On the embattled crag of memory, the semi-toppled house stations its distressing grandeur. What abyss tips beneath? We see white stars trapped so far below, at the bottom of the gulf. The mansion’s downward-pointed gables direct our eyes to the speckle. For a moment we are compelled. We teeter and look away.
We never learn the gulf’s name. The beyond can wait. Our eyes track the gables’ ins and outs, the mansion’s tilting flanks, the entertainment provided by complicated decay. Black night hangs warm on top of us, wraps us from below, folds the promontory on which we stand: the spike of something positioned against nothing. We wait there and the mansion squats, and beneath either of us is a foot or two of rock and dirt.
To think that the house has somehow found itself over a cave. When the space for a cave doesn’t exist. To think that the residents of the house spend most of their time in that cave. That’s why they live in the house. They didn’t think so when they moved in, but time has told. The house rots above them and will topple at last. Maybe they’ll know. Their air might be cut off. There might be a thud—the masonry. Something will tell them. Or maybe not. Meanwhile, there they are, compact, their lives gathered about them in that little hole which isn’t supposed to be there.
How many of these people? Far more than there should be. That hole has something to answer for. Like, first off, how does it manage all this? Take a look at the whole thing, the situation—abyss, scant dirt, impossible hole, toppling house, further abyss—and then give up. The only sense to be found here is this: people want to be in that hole. They’ll be coming out no time soon. If they did, there’d be too little earth to go around. All we have is this sliver, and then the frosted stars underneath. Nobody wants to jump, so they live in that hole.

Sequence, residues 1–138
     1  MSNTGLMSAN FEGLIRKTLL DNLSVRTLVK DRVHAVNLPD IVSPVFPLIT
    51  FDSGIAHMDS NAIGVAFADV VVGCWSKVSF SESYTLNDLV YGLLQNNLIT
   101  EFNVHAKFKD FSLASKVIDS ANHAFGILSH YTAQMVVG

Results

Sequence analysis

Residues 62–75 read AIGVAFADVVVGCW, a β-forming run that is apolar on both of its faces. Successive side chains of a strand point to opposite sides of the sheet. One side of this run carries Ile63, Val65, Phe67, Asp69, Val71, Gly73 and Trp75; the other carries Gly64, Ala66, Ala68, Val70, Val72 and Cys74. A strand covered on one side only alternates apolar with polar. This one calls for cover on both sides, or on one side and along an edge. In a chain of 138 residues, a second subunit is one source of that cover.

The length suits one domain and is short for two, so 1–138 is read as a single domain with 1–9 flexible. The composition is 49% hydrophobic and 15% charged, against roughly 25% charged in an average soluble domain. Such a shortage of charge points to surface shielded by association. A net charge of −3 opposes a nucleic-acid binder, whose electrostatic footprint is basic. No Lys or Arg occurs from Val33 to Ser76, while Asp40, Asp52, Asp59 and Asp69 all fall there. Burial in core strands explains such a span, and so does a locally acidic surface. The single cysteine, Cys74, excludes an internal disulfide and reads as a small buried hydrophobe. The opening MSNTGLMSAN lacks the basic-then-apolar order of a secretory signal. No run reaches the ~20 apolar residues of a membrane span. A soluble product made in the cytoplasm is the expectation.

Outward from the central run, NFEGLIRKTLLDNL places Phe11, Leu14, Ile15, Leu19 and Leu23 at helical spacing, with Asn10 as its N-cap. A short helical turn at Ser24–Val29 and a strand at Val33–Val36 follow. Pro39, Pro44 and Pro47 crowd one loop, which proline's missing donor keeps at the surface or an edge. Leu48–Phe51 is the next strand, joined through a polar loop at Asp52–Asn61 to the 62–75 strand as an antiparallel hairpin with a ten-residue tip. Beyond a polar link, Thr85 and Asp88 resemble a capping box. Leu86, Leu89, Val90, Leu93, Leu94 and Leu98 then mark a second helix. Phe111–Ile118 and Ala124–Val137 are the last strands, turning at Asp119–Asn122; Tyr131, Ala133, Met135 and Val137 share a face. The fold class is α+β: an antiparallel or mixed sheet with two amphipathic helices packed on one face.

House of the Addiction-Recovery Metaphor
The angel-winged monkey-man was treated as a horror. Denizens pretended to run from it, shrieking; then they doubled back for second and third looks. The thing’s keeper danced behind the unwieldy beast, guiding it with a pole and a baton. The monkey-man dragged a wing halfway under the stone arch of a doorway, then backed out. Its keeper hovered close, sucking his upper lip in tight.
The ape with the bent wing climbed to the top of tower by handholds that felt weak and tentative to him. Stone crumbled, a block skipped out from underfoot and dropped into the void while his toes dangled. The tower's curve dimpled; he thought that the thing was about to tip away. The stones would gallop from his feet and hands, and he’d hang above nothing. Maybe he’d be a goner, maybe he might fly. But neither. His keeper pulled him back.
House of the Oblique Self-Portrait.
—Follow C.T. May on Twitter: @CTMay3